Monday, May 25, 2009


An era ended on May 15 in Paget, Bermuda. The last surviving member of the hugely popular and groundbreaking Calypso group "The Talbot Brothers" died at the age of 94. This Sunday I shall remember them with some of their music and commentary on TRADITIONS.

In the picture above Roy Talbot is on the far right playing his trademark instrument (which he built from meat packing crates---think the origins of steel drums---oil cans) named "Bermudavarius" and had only one string. He was also the resounding bass singer of the group.

The brothers---though a cousin was also in the group---grew up in Tuckertown but their family was moved to another section of Bermuda to allow for the development of Tuckertown into very posh residential community that now has homes owned by Mayor Bloomberg, Ross Perot among others. Like so many people we have played on TRADITIONS their roots started in Church music and led them to such great heights. They appeared in worldwide venues including TV in the US including appearances on The Ed Sullivan Show.

A few personal recollections now of the group. My wife and I had the delight of finding the group while visiting Bermuda in the late 1950s. They along with artists like Erskine Zuill were exciting discoveries to us---and an aside here--Bermuda at that time was totally segregated and that also included hotels in which Jewish visitors were not allowed. Elbow Beach comes to mind. Castle Harbour was one of the few that did permit Jews. People like the Talbots had it harder since they, just as in the U S, were precluded from spending nights in the venues in which they performed. That could be an entire different topic---the evolvement of Bermuda.

We found The Talbot Brothers, as I said. Found them with such wonderful pieces as "Yellow Bird", "Trimmingham and Trott", "Back To Back--Belly to Belly"and many more--including "Jane Jane Jane" ( more about that later). One had to reserve quite some time in advance to get into their performances---as one did for people like Zuill and Hubert Smith. The music was rhythmic and topical in that it covered political situations in Bermuda and the U S (Atomic Nightmare---I'm Going to run like a son of a gun).

A word here about some of the topical material---which you will hear a bit of on Sunday. Atomic Nightmare is fairly self explanatory. Trimmingham and Trott is a wonderful piece about a retail establishment in the WW2 years that catered to U S Navy personnel with some feelings of taking advantage. I am not certain if it was recorded by The Talbot Brothers (though they performed it) but it was recorded by Hubert Smith. Back To Back (Belly to Belly) was not their composition and had been covered by many---including some 5 or so versions by Harry Belafonte---I thought theirs the best. It was composed by Lord Intruder-----aka Winston O'Connor. You have to love those names.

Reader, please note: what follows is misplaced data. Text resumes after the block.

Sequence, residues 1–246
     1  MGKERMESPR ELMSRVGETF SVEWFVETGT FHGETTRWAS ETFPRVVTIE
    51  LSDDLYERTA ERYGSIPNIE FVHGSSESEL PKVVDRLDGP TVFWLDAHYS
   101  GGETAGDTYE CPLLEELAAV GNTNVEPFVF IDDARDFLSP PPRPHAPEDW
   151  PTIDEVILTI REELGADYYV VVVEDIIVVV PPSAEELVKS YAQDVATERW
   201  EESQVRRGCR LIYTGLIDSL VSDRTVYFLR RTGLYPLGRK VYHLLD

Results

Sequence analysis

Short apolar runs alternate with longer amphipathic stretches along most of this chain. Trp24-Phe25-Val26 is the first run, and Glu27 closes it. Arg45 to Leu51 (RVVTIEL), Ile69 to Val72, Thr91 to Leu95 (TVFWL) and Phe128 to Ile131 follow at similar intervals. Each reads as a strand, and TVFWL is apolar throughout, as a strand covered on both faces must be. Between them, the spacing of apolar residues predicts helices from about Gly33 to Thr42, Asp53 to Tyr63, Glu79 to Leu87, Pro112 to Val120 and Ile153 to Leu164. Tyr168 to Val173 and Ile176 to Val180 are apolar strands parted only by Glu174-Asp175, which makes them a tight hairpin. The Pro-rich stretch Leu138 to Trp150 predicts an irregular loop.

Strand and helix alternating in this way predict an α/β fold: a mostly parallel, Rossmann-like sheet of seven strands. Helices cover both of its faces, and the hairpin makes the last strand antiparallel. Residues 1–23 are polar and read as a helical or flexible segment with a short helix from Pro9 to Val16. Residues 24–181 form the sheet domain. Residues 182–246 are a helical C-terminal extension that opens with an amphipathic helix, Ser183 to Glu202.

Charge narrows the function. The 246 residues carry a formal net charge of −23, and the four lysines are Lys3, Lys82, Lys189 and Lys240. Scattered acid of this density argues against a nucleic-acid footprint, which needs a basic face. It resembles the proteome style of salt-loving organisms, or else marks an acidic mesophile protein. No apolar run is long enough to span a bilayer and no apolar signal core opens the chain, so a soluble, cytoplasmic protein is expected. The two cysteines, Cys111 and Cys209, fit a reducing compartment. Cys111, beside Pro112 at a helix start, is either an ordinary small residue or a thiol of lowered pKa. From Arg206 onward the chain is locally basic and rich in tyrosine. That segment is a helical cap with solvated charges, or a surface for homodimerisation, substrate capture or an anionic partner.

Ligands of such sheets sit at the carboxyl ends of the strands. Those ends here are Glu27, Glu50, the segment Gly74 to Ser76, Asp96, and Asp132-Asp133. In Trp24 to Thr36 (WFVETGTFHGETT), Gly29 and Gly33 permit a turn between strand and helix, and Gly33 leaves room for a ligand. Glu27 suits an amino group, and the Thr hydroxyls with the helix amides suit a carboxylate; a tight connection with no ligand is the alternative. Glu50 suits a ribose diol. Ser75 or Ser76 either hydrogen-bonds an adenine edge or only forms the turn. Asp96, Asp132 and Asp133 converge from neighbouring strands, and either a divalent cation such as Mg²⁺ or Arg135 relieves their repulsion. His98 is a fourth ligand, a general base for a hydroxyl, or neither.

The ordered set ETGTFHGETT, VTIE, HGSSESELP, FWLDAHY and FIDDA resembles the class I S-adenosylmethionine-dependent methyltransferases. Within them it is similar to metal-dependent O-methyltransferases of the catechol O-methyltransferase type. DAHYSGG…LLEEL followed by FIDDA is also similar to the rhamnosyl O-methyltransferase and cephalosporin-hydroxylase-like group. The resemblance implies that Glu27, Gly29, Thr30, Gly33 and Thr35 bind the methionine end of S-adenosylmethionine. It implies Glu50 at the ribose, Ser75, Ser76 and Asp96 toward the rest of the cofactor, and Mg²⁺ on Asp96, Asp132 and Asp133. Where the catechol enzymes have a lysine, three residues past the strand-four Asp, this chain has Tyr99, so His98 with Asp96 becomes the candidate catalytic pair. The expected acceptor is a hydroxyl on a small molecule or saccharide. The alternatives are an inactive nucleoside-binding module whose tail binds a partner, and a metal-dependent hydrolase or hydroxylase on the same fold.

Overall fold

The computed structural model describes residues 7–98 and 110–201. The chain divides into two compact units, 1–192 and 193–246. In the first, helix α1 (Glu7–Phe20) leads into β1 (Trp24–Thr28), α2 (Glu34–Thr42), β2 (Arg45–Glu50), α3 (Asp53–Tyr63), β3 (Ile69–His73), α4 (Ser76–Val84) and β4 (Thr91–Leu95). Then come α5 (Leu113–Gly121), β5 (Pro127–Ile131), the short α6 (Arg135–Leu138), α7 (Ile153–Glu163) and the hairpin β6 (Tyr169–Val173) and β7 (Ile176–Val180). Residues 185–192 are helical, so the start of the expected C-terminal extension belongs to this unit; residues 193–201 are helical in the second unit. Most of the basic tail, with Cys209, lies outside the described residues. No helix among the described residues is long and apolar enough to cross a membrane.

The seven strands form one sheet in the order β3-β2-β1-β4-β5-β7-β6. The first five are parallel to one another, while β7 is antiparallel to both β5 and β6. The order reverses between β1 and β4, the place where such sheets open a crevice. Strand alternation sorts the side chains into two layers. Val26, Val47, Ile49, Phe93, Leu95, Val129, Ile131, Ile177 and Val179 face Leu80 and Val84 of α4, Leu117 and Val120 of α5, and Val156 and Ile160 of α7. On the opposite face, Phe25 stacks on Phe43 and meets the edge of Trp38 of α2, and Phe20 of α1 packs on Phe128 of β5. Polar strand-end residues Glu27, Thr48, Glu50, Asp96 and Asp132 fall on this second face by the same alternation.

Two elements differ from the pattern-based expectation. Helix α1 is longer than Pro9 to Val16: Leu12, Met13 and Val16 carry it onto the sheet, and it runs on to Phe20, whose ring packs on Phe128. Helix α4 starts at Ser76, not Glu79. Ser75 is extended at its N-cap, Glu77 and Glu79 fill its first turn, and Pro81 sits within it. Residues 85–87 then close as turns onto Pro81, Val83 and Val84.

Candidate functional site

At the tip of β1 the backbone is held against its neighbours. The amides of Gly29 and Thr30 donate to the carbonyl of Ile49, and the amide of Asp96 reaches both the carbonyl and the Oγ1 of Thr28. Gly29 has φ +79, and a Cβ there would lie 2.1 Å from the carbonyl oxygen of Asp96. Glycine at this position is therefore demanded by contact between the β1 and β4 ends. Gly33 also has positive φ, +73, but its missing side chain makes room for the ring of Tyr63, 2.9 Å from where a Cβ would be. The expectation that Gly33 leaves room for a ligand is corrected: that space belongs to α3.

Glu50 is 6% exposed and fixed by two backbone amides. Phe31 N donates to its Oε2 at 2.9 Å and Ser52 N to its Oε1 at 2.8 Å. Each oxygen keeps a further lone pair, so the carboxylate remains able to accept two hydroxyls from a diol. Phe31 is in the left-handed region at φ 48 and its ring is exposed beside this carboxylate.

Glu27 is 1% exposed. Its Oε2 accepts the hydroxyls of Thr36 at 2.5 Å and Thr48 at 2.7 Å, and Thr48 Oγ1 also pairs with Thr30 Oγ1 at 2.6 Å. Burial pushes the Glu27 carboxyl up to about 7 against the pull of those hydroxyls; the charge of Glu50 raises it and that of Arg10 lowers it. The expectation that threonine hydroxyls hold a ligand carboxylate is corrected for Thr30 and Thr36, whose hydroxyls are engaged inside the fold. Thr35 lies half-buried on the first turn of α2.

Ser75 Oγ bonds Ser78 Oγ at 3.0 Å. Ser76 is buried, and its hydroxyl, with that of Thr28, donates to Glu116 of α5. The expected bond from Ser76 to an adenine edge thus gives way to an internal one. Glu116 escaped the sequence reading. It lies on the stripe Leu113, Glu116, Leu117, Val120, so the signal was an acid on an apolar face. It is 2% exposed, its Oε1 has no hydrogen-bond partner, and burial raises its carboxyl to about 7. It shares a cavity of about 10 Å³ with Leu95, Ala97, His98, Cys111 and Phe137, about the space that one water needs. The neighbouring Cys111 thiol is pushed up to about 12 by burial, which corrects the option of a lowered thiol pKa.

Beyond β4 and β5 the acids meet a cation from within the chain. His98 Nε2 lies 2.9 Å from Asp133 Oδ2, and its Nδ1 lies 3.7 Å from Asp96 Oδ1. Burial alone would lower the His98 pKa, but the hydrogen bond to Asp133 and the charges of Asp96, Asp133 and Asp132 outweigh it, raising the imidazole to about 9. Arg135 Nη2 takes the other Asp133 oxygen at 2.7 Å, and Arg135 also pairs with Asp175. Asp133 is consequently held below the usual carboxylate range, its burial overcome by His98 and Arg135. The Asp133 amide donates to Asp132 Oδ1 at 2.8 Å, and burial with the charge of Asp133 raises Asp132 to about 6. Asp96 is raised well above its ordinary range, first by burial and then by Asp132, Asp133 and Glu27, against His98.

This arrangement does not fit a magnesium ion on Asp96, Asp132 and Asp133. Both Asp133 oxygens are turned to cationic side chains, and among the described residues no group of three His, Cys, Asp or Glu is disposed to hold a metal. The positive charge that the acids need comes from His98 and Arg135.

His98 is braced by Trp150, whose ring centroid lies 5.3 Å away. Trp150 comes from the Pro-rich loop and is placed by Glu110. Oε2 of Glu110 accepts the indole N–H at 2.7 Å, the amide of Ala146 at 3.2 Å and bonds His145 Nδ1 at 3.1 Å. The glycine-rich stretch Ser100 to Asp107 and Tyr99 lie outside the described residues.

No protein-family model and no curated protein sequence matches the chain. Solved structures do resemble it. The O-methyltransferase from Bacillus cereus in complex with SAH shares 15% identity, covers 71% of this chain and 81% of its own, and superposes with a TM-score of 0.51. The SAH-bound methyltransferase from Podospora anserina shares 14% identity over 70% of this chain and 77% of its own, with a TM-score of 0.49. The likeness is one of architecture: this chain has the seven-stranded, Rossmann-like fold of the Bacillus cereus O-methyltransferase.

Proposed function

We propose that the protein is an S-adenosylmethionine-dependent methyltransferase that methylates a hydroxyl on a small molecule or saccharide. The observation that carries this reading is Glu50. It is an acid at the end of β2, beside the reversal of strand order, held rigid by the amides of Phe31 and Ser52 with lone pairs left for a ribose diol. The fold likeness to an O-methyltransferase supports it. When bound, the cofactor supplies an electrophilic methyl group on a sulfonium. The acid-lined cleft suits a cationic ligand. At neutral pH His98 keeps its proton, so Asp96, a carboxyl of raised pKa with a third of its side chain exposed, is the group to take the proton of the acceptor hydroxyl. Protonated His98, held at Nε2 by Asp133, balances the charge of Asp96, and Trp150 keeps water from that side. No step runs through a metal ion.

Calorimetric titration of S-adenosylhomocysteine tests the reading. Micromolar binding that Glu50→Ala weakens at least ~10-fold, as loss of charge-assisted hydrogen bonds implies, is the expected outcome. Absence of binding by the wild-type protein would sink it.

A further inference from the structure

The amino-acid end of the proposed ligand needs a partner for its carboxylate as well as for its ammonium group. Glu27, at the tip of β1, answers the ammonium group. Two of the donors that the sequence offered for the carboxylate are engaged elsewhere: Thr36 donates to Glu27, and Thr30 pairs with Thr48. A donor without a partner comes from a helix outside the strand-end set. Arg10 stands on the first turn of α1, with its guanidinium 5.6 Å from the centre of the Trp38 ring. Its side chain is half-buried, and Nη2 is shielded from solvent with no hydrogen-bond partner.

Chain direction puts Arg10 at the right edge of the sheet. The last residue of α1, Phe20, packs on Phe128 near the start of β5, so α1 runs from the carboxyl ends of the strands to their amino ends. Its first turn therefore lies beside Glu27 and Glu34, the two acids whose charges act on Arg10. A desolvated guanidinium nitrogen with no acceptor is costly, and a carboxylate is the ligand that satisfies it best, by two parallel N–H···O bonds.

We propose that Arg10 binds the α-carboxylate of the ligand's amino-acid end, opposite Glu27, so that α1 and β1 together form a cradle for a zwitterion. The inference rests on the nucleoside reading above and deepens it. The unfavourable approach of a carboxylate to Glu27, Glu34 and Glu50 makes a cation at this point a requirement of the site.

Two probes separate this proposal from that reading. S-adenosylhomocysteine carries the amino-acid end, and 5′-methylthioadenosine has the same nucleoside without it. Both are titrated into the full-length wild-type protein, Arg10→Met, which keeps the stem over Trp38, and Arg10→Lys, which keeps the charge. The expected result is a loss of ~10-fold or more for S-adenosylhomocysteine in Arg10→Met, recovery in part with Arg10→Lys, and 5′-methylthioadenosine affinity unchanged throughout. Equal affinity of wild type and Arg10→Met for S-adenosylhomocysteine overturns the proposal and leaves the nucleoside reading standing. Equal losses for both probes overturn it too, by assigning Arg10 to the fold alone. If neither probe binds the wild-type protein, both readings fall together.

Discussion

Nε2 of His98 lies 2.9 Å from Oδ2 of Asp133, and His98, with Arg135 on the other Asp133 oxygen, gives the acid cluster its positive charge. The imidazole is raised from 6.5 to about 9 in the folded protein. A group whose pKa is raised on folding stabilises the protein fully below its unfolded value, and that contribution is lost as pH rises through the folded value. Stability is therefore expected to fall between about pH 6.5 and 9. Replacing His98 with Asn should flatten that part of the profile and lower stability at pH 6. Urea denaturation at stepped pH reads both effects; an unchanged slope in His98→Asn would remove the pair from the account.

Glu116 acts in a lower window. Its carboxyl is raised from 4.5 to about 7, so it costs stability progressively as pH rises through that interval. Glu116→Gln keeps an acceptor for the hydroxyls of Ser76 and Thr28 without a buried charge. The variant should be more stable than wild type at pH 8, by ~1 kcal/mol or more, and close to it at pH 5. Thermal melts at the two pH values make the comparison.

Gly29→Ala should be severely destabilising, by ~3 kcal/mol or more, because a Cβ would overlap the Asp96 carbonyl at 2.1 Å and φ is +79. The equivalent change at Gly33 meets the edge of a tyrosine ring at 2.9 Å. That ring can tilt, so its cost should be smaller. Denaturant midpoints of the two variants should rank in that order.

The Talbot Brothers consisted of Roy, Archie, Austin, Bryan, Ross, and cousin Cromwell Mandres and used a different instrument line-up than the more typical Trinidadian calypso instrumentation---
Fast forward now to the 1970s. The Talbot Brothers had achieved world wide fame appearing on major TV shows in NY and touring the world. Being, not only, the toast of Bermuda but, given the segregation there in the earlier years much demanded at private parties at the very wealthy. Not only appearing their but being totally trusted entertainers ---as they say--what happens in Vegas stays in Vegas. So it was with them and the society types that invited--hired--them.

The personal reminiscences---the later 1970s. My wife and I once again went to Bermuda and hoped to see the Talbots. It seemed sad---an Irish troupe of performers which included dancers, singers, and an alleged comic were headlining and the Talbot Brothers were relegated to being an opening act and playing dance music afterwards. At one point, my wife asked if they might be able to perform "Jane Jane Jane" and they said that the brother who was the lead on that had died---but if she knew the words to please join them on the stage for it. She did. A memorable and nostalgic (now) moment.

Fame may well be fleeting but sincerity and loyalty are not. On the way back to the airport I overheard one of the passengers on the bus say to his wife or fiance---"..hey, was this not great---just like NY". Sad!! You were supposed to open yourself to the great local talent and not hope you were home with the touring Irish Troupe of performers doing what was homogenized entertainment.

More on Sunday on TRADITIONS when we shall hear a bit of their music---and more if I can receive music from the author---Roy Talbot's nephew --of material I do not have. He is the author of a new book celebrating and commemorating his family-"Bermuda's Famous Talbot Brothers---A Celebration in Pictures and Song". It includes 2 CDs.

For more information on that go to If you want to know about Bermuda and segregation in the earlier years let me know and I will discuss it.

Might as well close with a nice shot of Bermuda- on second thought let us close with the Talbots since Bermuda is not the Bermuda that made them who they were anymore and would, probably, not appreciate what they have let slip away from them:

Roy Talbot---long and productive life---you and your era will be missed.